he wonderfully primitive 30-hour wall clock illustrated here is particularly rustic and interesting. Dating from around c1715, the clock was made by John Ismay of Oulton - who possibily made it whilst he was serving his apprenticeship to John Ogden - and before he had actually finished his training. It is probably John Ismay's earliest surviving clock to come to light so far - pre dating any of his Wigton clocks and is a historically important Oulton clock. After serving his time under Ogden, Ismay worked with his step brother, clockmaker John Sanderson at Wigton and became an important member of ' The Wigton School '. He made this clock using crude materials with major casting faults to both movement and dial. Ismay probably not only made the clock himself, but also engraved the dial as well. The clock is very primitive and the chapter ring markings have been so badly spaced out and poorly executed by Ismay that I find it hard to believe that he actually sold it on the open market at the time, but I do think there is a good chance that he may have made it in-house for his own use. The polished dial has the verse 'Memento Mori' in the top two corners. It has a heavily built iron and brass lantern type movement. The clock is housed in a primitive elm and oak longcase. However, originally this clock was probably caseless and made by Ismay as a wall clock to just sit on a simple wall bracket and show off its massive brass movement until a later owner decided to spend the money to house the clock in a case.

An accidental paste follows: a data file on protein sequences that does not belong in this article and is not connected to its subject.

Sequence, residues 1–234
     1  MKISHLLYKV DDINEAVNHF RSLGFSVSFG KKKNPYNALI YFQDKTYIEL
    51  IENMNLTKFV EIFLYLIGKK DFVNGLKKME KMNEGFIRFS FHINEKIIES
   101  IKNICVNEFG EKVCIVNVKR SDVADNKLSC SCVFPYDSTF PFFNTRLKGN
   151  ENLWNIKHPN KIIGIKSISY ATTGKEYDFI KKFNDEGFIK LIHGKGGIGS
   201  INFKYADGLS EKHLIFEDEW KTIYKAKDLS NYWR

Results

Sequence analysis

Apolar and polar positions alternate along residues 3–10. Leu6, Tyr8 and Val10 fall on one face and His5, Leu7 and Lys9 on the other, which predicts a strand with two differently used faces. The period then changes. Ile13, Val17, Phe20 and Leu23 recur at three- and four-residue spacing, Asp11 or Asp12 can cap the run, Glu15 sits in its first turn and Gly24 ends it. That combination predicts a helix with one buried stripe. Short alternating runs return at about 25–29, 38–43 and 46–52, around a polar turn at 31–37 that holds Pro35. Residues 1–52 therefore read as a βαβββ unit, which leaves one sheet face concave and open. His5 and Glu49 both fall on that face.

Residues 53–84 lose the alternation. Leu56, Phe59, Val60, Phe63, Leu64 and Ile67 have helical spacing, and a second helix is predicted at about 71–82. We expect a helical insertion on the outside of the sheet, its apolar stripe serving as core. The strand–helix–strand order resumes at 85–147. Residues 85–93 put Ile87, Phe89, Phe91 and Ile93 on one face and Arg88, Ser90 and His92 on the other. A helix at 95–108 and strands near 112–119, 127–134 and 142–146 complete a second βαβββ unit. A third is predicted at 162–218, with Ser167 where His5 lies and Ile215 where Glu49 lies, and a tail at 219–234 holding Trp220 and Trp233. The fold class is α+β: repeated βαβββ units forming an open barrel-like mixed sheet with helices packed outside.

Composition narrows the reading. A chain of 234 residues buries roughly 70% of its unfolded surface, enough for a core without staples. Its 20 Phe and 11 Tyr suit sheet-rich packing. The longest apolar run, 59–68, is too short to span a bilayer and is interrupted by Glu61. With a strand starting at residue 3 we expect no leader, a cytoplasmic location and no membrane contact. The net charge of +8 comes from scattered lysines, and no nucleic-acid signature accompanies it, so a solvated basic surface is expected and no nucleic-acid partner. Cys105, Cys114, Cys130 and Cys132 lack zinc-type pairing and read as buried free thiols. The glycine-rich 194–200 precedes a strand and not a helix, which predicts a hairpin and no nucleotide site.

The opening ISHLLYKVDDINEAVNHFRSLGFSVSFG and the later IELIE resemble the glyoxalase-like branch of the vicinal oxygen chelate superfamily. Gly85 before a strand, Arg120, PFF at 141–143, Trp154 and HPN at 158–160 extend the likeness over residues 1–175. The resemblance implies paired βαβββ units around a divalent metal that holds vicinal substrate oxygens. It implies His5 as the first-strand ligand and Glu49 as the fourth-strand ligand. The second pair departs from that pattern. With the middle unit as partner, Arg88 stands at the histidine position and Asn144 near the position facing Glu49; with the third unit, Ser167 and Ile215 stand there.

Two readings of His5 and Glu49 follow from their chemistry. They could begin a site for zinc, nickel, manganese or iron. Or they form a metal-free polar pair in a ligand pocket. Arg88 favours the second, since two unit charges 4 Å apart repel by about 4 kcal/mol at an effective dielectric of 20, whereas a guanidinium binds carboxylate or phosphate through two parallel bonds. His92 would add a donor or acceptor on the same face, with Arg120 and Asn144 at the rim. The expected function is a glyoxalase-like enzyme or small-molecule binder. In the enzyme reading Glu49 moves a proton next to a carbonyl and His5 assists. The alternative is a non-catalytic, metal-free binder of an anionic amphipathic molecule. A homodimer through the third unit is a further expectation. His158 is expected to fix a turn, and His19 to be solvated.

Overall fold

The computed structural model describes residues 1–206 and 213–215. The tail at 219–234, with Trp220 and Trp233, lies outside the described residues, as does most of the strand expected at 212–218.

ohn Ismay was born at Thursby, a village near Wigton in Cumberland, in March 1699. He was apprenticed to John Ogden at Bowbridge in 1711, and was living in Tiffinthwaite at the time of his death in 1755. Today there are only a handful of clocks known to survive by him. Please see two other rare examples of Imay's work that is also shown on this website.
onderfully primitive engraving by Ismay
ohn Ismay 30-hour
howing a view of the polished dial centre. Note the crudely executed engraved minute markings and casting faults to the chapter ring.
igned John Ismay, Oulton Fecit and probably executed by Ismay himself. Note that the ringed date calendar is set within an eye
ear view of John Ismay's
heavily built Lantern